Too often I have sat in family meetings about a child’s behaviours or mental health issues and have heard parents say “Well, Billy knows not to do that” or “Susie knows that her father and I don’t allow that” or “Tommy knows what to do when he’s feeling like that”.
But how do you know your kids know something? Have you explicitly told them recently or are you making an assumption? Is your message given loudly, clearly, and consistently?
Here’s my rule: Never assume a child knows anything for certain.
Why is this a good rule? Because it creates a no lose situation. If your child does indeed know the information, they are getting an informative and positive message once again. Hearing good information two or three times helps it stick. If your child doesn’t actually know the information, then you can rest-assured knowing that you clearly gave it to them.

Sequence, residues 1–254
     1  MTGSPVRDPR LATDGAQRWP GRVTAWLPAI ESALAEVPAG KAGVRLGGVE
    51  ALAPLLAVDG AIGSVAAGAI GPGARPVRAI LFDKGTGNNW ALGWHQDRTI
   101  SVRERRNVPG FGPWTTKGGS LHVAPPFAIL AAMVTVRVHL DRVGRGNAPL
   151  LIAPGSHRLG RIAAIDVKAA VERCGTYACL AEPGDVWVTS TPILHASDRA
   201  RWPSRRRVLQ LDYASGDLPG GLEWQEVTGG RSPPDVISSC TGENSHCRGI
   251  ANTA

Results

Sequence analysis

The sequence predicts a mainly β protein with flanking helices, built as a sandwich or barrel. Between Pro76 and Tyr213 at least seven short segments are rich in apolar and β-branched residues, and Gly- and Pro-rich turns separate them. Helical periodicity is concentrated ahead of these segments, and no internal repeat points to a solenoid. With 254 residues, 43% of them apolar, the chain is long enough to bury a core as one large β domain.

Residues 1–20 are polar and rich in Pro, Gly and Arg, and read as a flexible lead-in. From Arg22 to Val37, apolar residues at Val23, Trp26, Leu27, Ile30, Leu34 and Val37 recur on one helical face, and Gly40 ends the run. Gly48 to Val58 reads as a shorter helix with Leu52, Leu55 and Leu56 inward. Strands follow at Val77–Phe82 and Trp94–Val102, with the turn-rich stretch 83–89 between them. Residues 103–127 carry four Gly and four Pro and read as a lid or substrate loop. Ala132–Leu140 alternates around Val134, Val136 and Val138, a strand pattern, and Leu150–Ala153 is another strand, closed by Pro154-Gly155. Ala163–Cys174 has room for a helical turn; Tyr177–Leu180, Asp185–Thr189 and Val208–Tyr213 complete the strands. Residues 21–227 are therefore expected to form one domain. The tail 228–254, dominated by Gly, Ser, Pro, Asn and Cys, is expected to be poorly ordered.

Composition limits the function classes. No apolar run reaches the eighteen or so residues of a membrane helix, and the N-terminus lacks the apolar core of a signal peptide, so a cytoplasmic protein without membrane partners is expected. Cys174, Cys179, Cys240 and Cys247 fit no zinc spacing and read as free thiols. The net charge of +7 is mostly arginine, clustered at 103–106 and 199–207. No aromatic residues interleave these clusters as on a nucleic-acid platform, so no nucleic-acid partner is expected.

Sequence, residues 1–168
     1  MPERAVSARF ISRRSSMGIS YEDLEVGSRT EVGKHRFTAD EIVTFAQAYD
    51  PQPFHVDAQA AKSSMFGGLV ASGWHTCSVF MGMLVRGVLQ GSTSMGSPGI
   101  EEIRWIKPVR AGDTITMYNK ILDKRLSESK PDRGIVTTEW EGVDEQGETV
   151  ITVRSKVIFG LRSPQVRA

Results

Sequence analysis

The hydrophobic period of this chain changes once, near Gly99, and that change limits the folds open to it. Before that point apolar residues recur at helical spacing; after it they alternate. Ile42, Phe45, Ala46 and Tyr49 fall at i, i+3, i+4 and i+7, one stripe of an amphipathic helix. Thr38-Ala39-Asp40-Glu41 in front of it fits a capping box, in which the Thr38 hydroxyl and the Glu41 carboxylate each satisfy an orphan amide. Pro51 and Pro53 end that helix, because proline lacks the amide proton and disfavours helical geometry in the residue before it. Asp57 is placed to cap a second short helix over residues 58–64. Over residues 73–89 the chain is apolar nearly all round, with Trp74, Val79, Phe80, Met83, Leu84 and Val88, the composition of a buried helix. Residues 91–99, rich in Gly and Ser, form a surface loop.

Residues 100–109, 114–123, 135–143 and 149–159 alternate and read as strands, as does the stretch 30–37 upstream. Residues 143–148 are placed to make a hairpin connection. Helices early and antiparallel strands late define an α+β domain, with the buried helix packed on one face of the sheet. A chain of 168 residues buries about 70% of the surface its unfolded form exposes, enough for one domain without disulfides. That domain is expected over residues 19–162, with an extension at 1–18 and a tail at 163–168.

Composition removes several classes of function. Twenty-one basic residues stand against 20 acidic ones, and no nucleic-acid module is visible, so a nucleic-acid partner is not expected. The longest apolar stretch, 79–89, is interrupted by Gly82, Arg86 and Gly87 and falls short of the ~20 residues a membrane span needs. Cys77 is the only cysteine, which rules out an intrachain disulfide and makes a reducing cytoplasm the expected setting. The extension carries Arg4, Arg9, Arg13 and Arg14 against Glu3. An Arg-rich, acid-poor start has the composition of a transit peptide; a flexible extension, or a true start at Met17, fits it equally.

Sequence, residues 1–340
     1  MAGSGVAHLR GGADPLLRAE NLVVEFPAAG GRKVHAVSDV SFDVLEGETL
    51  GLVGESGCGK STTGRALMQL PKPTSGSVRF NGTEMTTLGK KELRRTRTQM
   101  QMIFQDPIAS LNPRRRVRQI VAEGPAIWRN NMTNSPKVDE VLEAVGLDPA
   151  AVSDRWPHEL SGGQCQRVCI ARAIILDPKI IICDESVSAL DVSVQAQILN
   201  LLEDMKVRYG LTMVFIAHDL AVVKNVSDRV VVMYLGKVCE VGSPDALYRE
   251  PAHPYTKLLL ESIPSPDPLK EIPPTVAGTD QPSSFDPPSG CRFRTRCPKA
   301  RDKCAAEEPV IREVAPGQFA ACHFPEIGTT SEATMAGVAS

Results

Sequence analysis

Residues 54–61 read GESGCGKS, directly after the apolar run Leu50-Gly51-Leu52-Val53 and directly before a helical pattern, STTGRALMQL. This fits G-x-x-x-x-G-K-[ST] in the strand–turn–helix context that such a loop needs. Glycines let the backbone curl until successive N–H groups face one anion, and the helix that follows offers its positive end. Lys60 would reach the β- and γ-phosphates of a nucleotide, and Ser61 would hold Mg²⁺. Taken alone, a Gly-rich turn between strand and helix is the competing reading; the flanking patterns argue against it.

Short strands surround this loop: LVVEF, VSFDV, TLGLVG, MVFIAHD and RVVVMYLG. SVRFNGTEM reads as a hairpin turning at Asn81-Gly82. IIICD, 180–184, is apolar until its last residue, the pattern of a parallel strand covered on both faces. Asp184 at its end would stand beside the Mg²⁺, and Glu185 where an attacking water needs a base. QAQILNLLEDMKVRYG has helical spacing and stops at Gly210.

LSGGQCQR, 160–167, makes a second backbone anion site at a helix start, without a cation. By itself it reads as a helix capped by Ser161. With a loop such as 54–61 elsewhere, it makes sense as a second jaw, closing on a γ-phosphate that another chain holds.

Assuming your child picked up the heart-warming lesson in movie you watched together or heard you that one time 3 years ago when you stated your disapproval of a classroom bully is not good enough. Kids don’t always pay attention. Kids don’t always listen. One of your many jobs as a parent is to make sure important information gets absorbed into those developing minds.
Have you told your child recently that it is never okay to intentionally make someone feel bad?
Have you told your child recently that if they are feeling depressed or anxious, that they can talk to you about it and you will help?
Have you told your child lately that violence and aggression towards themselves or others is not okay?
Have you told your child recently that you love them, no matter what his/her academic skills, sexuality, or athletic abilities are?
State the obvious for your kids, so you can confidently say “My child knows that”.